Aquarius Sea Surface Salinity on Rotating Globes 2012
The Aquarius spacecraft is designed to measure global sea surface salinity. It is important to understand salinity, the amount of dissolved salts in water, because it will lead us to better understanding of the water cycle and can lead to improved climate models. Aquarius is a collaboration between NASA and the Space Agency of Argentina
This visualization celebrates over a year of successful Aquarius observations. Sea surface salinity in the northern hemisphere is shown as the globe slowly rotates. The data cycles through a single year, 2012, and repeats. Two versions of the visualization are provied: a version with dates and a scientific color bar and another version without dates and a simpler color bar. The range of time shown is December 2011 through Decemeber 2012. The data continuously loops through this range every 6 seconds. This visualization was generated based on version 2.0 of the Aquarius data products with all 3 scanning beams.
http://The Aquarius spacecraft
Aquarius spinning globe without dates and with public colorbar.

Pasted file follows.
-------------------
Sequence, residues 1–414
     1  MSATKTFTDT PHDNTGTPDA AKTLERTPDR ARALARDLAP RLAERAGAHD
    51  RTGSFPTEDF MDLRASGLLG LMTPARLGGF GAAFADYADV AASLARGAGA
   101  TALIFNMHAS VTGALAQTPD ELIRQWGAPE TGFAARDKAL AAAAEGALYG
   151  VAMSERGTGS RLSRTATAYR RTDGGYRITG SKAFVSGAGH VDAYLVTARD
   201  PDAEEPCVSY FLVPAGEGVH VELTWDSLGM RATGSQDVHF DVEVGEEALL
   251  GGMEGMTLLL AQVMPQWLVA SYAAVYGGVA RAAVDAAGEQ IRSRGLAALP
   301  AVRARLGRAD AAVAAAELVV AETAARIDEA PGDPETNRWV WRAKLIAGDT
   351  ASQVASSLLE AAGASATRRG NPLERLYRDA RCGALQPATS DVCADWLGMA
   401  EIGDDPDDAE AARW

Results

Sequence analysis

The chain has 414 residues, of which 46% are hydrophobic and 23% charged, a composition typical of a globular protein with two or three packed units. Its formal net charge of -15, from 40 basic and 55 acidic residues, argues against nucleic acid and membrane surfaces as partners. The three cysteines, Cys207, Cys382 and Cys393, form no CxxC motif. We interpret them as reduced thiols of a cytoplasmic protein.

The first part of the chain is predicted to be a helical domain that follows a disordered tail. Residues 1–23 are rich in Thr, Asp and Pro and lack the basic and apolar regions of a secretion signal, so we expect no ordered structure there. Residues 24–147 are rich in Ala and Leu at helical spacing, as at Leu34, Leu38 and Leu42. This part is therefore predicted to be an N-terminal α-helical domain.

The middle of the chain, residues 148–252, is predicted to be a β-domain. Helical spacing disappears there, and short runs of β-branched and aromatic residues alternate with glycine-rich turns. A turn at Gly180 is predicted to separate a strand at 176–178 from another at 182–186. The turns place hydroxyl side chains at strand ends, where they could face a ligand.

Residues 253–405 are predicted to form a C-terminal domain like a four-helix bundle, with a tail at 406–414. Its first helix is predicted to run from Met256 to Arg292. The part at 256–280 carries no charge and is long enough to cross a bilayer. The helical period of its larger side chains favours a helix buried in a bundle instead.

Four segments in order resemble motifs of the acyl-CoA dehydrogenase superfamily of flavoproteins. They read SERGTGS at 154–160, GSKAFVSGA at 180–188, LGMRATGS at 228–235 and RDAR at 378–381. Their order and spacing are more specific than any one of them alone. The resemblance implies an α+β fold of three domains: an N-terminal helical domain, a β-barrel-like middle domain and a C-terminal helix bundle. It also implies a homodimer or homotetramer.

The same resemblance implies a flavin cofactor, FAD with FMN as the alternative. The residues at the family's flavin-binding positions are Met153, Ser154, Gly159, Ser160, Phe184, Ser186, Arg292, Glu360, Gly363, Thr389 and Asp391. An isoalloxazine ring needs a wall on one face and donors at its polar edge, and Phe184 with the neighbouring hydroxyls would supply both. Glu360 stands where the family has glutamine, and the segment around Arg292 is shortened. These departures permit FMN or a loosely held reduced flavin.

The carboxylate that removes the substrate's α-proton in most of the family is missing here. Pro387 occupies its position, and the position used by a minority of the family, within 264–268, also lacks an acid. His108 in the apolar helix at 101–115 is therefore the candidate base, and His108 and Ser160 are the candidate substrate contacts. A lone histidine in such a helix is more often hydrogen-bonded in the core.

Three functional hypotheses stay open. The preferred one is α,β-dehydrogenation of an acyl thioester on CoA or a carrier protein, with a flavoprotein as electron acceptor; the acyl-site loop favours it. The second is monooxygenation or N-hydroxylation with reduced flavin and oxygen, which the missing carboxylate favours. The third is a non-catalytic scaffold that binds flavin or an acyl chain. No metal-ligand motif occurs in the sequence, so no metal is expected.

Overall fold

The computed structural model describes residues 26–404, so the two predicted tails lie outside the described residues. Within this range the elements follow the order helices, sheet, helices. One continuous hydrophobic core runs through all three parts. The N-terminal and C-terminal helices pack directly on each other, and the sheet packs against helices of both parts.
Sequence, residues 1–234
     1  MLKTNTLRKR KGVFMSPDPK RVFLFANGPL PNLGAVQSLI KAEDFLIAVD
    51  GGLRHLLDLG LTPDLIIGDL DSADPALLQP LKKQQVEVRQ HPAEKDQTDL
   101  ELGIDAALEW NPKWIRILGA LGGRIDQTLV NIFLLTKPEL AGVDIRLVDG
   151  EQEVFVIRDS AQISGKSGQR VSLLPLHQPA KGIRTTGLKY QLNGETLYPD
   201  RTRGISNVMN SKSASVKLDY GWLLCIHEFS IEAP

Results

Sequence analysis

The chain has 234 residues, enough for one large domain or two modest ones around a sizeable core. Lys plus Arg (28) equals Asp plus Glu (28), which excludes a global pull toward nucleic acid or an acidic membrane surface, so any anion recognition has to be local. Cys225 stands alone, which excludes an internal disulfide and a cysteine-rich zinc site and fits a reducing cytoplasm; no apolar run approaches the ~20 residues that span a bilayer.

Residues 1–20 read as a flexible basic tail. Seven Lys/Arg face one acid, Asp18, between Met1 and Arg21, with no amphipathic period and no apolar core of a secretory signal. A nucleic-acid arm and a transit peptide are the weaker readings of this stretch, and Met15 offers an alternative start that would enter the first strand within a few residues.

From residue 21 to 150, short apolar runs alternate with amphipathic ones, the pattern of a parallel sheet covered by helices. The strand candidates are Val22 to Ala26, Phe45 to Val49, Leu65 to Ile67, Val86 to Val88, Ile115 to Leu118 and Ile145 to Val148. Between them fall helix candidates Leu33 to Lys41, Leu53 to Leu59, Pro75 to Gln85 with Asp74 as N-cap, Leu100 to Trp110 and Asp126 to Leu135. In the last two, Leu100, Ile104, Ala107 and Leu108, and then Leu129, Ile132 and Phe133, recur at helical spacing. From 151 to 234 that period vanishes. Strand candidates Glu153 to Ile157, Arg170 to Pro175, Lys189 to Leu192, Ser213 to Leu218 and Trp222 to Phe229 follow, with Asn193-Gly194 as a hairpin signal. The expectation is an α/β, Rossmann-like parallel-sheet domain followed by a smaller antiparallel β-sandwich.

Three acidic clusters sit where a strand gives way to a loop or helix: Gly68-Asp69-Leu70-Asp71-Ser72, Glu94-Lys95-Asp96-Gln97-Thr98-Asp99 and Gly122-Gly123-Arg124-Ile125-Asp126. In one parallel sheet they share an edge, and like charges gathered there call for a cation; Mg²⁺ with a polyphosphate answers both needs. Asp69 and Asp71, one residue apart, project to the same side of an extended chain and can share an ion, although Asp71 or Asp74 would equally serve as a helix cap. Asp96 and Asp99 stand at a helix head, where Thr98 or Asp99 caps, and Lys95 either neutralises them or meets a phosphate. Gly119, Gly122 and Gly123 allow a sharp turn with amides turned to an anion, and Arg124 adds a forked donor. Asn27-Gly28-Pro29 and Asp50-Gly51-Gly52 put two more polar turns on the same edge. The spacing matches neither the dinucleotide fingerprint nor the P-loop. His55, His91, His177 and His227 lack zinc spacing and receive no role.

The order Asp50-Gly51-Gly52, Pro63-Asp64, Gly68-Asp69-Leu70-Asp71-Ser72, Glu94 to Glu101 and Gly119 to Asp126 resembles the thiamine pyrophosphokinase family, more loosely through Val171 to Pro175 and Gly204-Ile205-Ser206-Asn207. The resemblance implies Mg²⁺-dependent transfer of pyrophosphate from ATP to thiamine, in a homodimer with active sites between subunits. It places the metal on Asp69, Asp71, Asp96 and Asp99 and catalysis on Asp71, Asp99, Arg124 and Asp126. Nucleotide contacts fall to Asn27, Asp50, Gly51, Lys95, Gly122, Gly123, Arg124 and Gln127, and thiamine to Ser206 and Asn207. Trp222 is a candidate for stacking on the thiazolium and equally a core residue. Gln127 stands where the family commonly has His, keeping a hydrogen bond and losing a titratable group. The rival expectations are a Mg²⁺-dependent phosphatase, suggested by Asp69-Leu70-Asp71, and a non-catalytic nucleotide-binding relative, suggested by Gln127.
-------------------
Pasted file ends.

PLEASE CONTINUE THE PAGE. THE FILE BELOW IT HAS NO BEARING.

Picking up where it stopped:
Aquarius spinning globe with dates and with science colorbar
Print resolution still of the Atlantic Ocean.
Print resolution still showing the Atlantic and Pacific Oceans.
Print resolution still of the Eastern Pacific.
Print resolution still of the Western Pacific Ocean.
Print resolution still of oceans around Africa.
Aquarius color bar intended for the public. The salinity range is low to high, going from blue to green to red.
Aquarius color bar intended for scientists. The salinity range is 30 to 40 PSU, going from blue to green to red.
For More Information
Please give credit for this item to:
NASA's Goddard Space Flight Center Scientific Visualization Studio
- Kayvon Sharghi (USRA)
MissionsThis visualization is related to the following missions:
SeriesThis visualization can be found in the following series:
Datasets used in this visualization
Aquarius SSS (Sea Surface Salinity)ID: 774Observed Data Collected with Microwave Radiometer NASA 12-2011 through 12-2012
Note: While we identify the data sets used in these visualizations, we do not store any further details, nor the data sets themselves on our site.